All About the Glass: Choosing a Camera Lens

One major advantage of using a DSLR camera is that you can change your lens. Lens choice makes a huge difference in the quality of your final image.
a good lens on a mediocre camera will yield a better photo
than a mediocre lens on a professional camera”

 

Upgrading the kit lens that comes with your camera is a great investment. But where to begin? Let’s walk through the variables.

There are two types of lenses: Prime and Zoom.

Prime Lenses have one focal length, which describes both the length of the lens and the field of view that lens produces.

Wide angle lenses, like a 24mm, provide a wide swath of view. Medium lenses are more selective and are between 35mm and 70 mm. A Macro lens (100mm or higher) magnifies and brings fine details into focus.

Here is a comparison of focal lengths with the subject and camera at the same distance. This will give you an idea of the different perspective for each lens.

Focal Length Comparison 900px

 

Lens Speed

With prime lenses, the photographer composes the shot by physically moving toward or away from the subject.

Zoom Lenses have a range of focal lengths. The advantage here is that the photographer can quickly recompose the shot by simply zooming in our out with the lens.

Lenses also have a speed, which ranges from Very Fast (f/1.8), Fast (f/2.8) Slow (f/5.6).

The speed of the lens equates to the lowest possible aperture – the setting which controls maximum Depth of Field. Higher numbers mean less shallow depths of field. Lower numbers equal a wider aperture which means more light hitting the subject.

Depth of Field ComparisonFast lenses are great for low light situations and produce beautiful bokeh, that beautiful, smooth blur and selective focus.

Many zoom lenses, particularly entry level models, are slower lenses, less suitable for low light and less able to produce the blurred background many people are looking for.

Most consumer level lenses begin at f/2.8 which is plenty fast and shallow for most applications. (Learn more about The Exposure Triangle)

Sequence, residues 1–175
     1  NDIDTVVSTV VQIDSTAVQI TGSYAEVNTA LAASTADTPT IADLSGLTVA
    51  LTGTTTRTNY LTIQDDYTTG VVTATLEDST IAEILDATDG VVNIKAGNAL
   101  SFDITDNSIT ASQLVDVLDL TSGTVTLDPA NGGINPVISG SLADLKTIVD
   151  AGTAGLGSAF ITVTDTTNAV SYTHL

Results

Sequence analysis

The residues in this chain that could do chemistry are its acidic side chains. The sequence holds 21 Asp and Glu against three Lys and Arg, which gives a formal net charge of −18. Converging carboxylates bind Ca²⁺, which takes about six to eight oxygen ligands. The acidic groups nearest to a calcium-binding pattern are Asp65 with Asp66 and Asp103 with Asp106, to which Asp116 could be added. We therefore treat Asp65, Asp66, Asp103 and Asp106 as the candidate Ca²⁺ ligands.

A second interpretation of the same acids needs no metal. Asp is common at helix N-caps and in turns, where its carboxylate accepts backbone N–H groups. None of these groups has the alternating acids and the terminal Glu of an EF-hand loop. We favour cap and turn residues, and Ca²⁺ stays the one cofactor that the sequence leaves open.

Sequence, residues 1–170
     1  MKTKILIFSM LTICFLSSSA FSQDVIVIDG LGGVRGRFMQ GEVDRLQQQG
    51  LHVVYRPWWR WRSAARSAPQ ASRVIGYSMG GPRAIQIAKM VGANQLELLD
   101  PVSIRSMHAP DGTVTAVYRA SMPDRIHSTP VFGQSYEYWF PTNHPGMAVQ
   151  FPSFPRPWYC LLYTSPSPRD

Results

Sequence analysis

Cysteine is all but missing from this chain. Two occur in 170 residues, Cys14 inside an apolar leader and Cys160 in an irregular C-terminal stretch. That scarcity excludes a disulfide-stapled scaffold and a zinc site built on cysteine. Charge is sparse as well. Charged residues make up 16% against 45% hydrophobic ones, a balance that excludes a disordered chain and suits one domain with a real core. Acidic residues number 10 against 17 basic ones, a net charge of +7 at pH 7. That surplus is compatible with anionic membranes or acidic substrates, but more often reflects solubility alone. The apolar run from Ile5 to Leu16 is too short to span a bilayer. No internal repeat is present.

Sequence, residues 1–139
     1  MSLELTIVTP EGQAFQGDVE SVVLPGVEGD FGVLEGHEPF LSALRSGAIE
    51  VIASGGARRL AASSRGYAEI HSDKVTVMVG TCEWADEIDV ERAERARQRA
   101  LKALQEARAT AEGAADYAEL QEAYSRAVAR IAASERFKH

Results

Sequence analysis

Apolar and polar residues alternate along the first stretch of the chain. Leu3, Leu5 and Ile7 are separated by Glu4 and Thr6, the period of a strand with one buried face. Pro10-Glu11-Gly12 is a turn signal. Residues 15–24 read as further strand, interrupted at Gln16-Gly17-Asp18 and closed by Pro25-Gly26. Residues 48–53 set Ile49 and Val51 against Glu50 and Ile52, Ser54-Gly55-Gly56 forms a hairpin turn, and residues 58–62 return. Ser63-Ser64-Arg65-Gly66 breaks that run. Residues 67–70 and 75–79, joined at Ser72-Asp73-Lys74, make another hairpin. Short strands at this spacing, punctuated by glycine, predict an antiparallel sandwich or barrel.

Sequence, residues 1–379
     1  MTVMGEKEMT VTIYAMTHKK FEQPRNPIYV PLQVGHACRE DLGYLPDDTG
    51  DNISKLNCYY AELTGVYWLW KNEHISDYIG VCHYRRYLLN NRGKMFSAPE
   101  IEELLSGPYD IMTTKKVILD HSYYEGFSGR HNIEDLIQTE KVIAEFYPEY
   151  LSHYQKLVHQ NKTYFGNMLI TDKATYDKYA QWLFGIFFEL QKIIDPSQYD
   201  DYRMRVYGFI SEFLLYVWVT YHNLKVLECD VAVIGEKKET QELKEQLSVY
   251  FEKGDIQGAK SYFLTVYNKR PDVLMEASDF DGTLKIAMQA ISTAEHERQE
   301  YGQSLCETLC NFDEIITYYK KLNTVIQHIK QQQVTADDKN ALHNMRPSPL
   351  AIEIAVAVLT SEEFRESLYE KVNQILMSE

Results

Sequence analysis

Lenses vary widely in terms of cost and value. In general, prime lenses are less expensive for better quality. Good quality, fast zoom lenses can get spendy in a hurry.

For many years, I worked with several prime lenses and added my biggest splurge purchase yet (besides my camera body) – a Canon 24mm-70mm f/2.8. I love this lens ๐Ÿ™‚

Lenses | Cheese Photography 101

The 24-70 is a BEAST to lug around – it’s that tower at the top of the photo. The versatility of going wide and drawing close in an instant along with sharp and quick autofocus make it worth the extra effort if there are photo-worthy opportunities.

This is NOT the lens to take on a hike or even a long day at the zoo or amusement park. Trust me, your back will thank you.

A good lens that is well cared for lasts many years. You can even get converter rings to make Nikon lenses compatible with Canon bodies and vice versa. That 100mm is one of my most used lenses, amazing for detail.

Tilt Shift LensThe Lens Baby on the bottom left is my most recent purchases. It’s a tilt shift lens which means you can change the point of focus based on the way the lens is tilted. It’s great for a real dreamy or surreal effect and to focus the viewers attention right where you want it. I’ve also found it adds a great negative space for text. It’s not for everyone, but there is a very unique perspective to the shots.

The next lens on my list is a Canon 70mm-200mm telephoto lens which I tried recently on the Chester County Cheese trip. It allowed me to stand at a distance and capture incredible animal shots from afar.

I highly recommend trying out a lens – or even a camera – before you invest in it. You can rent lenses and camera bodies and a host of other gear for a few days or weeks. Take it for a test spin or upgrade your kit for a special photo shoot. If you’re renting, don’t be afraid to try less known brands like Sigma and Tokina. You can often find some great value on good glass.

I’ve used Borrow Lenses for years to add extra lenses and gear to my kit when doing photo or video work for clients, starting on the Oregon Cheese Trail Video Series.

Full Disclosure: I’m a Borrow Lenses affiliate and get a small commission through rentals from this link – those commissions help fund these posts ๐Ÿ™‚ I never recommend any product or service I do not use myself. It’s an awesome way to try out new gear.

My Lens recommend is to get the best lens you can afford AND that you’re willing to use. It’s like fine china, if you are going to have it and be afraid to use it, then what’s the point.

*****************

Don’t miss a Cheese Photography 101 Post. Sign Up for the e-news to get aggregated posts and updates on events and workshops.

Ready to take your cheese and food photography to the next level? Join me for my upcoming 6 week, online workshop: Cheese Photography 101 for Makers, Mongers & Bloggers.

 

 

Facebook Comments